It is impossible to know how much the Trump administration’s hardball approach contributed to the opening that China started without waiting for a deal. Rules for foreign investment permitted the new 51 percent stakes in June 2018. In July 2019 Premier Li Keqiang even accelerated the timetable, promising to eliminate ownership caps by 2020 in insurance, futures, and securities.

Much of opening this time was real, not just a theoretical possibility. Some foreign financial firms received timely approvals to take majority stakes in joint ventures or set up wholly foreign-owned operations.

Limited new opening

After the phase one deal was signed, China’s central bank put out a statement that it, “reflects the orderly, broad progress in opening up financial services on our own initiative and will strengthen our financial system’s competitiveness and resilience.” The deal mostly reaffirms and codifies what was under way, as can be seen in the table. The specific deadlines for China to allow full foreign ownership have apparently been moved up only for securities firms.

There’s less to the phase one deal than meets the eye

Timing in phase one deal

Previous timing

Foreigners allowed in already?

Securities fund custodian services

5 months (June 2020)

Already open

Standard Chartered (received license in October 2018)

Type-A lead underwriting

3 months (April 2020)

Already open

BNP and Deutsche Bank (received license in September 2019)

Credit rating

3 months (April 2020)

Already open

Standard & Poor’s received license, already issued ratings


April 2020

December 2020

JPMorgan approved for majority ownership, not full foreign ownership

Fund management

April 2020

April 2020

JPMorgan awaiting approval for 51% stake in China venture, seeking 100% in another


April 2020

January 2020

UBS has fully owned futures business since 2016 


April 2020

January 2020

Allianz approved for wholly foreign-owned unit in November 2019

Payments/bank card clearing

Maximum delay between most approval steps


PayPal approved for 70% stake; Mastercard and American Express approved to set up joint ventures

n.a. = not applicable
Sources: Caixin, CNBC, Reuters, US Trade Representative, Financial Times, Allianz, and Bloomberg.

Beyond a headline opening of a sector are the multitude of rules that can keep foreign firms from entering or expanding. The agreement’s approach to eliminating these barriers is strangely uneven. In insurance, China’s promises are broad: “remove any business scope limitations, discriminatory regulatory processes and requirements…”, but that language is missing in the other sectors, where only specifically identified barriers are slated for removal. Chinese officials could easily add new discriminatory rules in the other sectors to replace those they promised to eliminate, without violating the deal’s provisions.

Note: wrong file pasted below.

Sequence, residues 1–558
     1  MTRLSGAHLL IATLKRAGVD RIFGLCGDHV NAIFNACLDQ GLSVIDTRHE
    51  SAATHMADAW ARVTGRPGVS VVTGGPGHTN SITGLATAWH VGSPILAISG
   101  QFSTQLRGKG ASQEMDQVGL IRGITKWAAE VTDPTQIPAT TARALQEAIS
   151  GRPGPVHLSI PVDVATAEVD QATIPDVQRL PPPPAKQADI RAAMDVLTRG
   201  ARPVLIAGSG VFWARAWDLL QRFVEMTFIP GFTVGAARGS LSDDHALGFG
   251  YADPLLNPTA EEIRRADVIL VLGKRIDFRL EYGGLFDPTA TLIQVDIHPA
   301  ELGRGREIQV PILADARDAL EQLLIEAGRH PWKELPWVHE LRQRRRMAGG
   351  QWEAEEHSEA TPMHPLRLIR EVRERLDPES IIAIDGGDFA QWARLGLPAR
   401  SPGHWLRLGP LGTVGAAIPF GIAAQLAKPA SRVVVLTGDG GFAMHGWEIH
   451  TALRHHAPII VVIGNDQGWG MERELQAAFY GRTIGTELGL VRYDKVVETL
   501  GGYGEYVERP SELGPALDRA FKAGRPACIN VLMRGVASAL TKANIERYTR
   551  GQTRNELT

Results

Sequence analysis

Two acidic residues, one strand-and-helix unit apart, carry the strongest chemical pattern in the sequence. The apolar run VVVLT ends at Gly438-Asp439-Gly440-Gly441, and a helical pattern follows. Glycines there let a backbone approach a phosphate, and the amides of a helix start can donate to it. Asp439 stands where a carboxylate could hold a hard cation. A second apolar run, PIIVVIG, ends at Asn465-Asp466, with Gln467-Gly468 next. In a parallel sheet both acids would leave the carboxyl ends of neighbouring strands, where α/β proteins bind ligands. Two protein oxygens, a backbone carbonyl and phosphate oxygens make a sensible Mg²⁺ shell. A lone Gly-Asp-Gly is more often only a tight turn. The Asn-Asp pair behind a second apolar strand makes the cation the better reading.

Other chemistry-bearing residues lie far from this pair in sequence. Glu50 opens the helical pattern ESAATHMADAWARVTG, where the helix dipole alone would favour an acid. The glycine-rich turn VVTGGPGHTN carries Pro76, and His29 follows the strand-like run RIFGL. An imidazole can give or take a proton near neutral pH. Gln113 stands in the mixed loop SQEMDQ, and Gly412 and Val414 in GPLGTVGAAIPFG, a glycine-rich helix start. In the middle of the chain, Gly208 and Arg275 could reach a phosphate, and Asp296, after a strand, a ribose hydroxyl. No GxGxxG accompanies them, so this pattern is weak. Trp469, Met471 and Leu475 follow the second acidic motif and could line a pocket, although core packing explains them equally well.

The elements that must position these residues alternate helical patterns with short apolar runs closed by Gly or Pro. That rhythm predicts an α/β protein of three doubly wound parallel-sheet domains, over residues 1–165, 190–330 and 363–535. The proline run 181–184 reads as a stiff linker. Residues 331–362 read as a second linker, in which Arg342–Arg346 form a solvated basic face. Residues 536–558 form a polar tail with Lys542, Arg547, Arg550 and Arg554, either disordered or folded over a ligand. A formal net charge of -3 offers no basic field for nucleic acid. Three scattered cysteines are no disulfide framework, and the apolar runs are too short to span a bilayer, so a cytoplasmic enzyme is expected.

The section on electronic payment services, attempting to right one of China’s most frustrating WTO violations, also left loopholes. China’s promises apply only to card payments, not fintech payment providers that dispense with cards—though importantly US-based PayPal was unexpectedly granted a license, before the deal was signed, by acquiring a 70 percent stake in a Chinese payment company. The deal states, “China shall accept the license application of…Mastercard, Visa, or American Express,” and sets time limits on the acceptable delay between the early steps of the approval process. A time limit for the final approval, however, is missing, leaving China room to stretch it out indefinitely. Even if there were a time limit, China’s central bank could always find a pretext to deny a license. Yet another apparent breakthrough is a partial victory: Foreign firms will also be able to buy nonperforming loans directly, at least with provincial licenses, but many are already operating in the sector.

All these openings are long overdue, but China’s financial system will need deeper reforms—especially in its capital account—to benefit fully from foreign firms’ expertise. The openings constitute a big step forward for reform in China, overcoming resistance from domestic financial firms whose preference for less competition kept foreigners largely at bay for over a decade. Most of China’s promises in the deal reiterate what it has already done, but that is a sign of real progress, not a dud result for the negotiations. Progress in the next phase in US-China commercial relations will have to be monitored vigorously.


1. According to data from the People’s Bank of China, accessed through Wind Information Services, foreign-funded banks in China had RMB4.2 trillion in assets as of June 2018 versus RMB256 trillion in assets for all banks in China. Banking asset data for other countries shown in the figure are for 2013, the most recent cross-country data I could find (Claessens and van Horen 2014).